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Slapstick Comedy

Slapstick, also known as physical comedy, can trace its origins to the Shakespearean Era and its name from a device called a slap stick. A slap stick was simply two pieces of wood loosely attached together to resemble a paddle. When struck against something rigid, say a table or someone's head, a loud, 'smacking' sound would emit, thus the term slapstick.

The slapstick/physical form of comedy is often described as over-the-top, zany, brutal and violent. Many actors, from silent film eras to the present have employed physical comedy in most of their works. Comedic greats such as Charlie Chaplin, The Three Stooges, Chris Farley, Lucille Ball and Jim Carrey built significant careers around slapstick.

Physical comedy may, on the surface appear as mindless nonsense, but in actuality, it's quite the contrary. If slapstick comedy was effortless to execute, there would be a plethora of actors specializing in the genre. In truth, actors who can pull off physical comedy are few in number. These especially gifted talents have an uncanny ability to deliver written lines of script with exact comedic timing, while at the same time manage to fall down a flight of stairs or have a swinging door aimed at their face. Comedic acting is widely known as the most difficult to perfect, add physical acting to the job and it is nearly impossible to pull off to perfection. That is why only a handful of actors, past and present are specifically renowned for it.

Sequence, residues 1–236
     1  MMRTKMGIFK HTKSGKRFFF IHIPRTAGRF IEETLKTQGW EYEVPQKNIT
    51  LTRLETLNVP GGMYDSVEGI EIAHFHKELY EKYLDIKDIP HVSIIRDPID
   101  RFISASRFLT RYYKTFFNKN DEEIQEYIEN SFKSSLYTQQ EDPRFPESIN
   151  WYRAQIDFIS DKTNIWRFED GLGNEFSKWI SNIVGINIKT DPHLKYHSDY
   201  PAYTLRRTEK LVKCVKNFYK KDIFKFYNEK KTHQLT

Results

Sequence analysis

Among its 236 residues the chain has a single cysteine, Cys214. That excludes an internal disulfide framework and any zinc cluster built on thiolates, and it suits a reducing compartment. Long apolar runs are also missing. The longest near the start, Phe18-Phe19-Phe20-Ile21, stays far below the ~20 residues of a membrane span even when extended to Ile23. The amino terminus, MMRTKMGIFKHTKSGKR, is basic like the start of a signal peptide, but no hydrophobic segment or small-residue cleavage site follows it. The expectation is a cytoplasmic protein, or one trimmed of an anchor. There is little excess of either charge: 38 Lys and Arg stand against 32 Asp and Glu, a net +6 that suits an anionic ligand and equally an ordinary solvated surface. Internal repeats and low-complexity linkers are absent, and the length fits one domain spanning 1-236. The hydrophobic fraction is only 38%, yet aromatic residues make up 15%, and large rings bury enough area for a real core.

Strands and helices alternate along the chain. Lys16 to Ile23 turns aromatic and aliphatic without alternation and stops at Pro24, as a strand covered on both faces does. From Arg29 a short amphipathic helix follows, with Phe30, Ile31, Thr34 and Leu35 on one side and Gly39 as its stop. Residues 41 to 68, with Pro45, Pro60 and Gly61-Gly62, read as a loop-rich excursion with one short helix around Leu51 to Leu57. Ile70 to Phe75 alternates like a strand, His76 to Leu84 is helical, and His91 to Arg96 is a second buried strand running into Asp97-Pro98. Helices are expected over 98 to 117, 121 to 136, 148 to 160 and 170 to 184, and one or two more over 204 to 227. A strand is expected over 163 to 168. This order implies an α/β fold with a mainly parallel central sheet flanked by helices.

Programming aimed at the young audience, both television and movies are laden with slapstick comedy. Looney Tunes shows are some of the most violent ever aired, on the small screen or large. Nickelodeon and Disney often employ the use of slapstick in all of its productions. Films such as Home Alone, Are We There, Yet? and Matilda are just a few examples of many movies which use physical comedy to the extreme.

From the great Shakespearean comedies to The Three Stooges and Lucille Ball to Jim Carrey, Looney Tunes and Nickelodeon's Keenan and Kel, slapstick comedy has become an entrenched entertainment genre in our society, for all generations-for better or worse.

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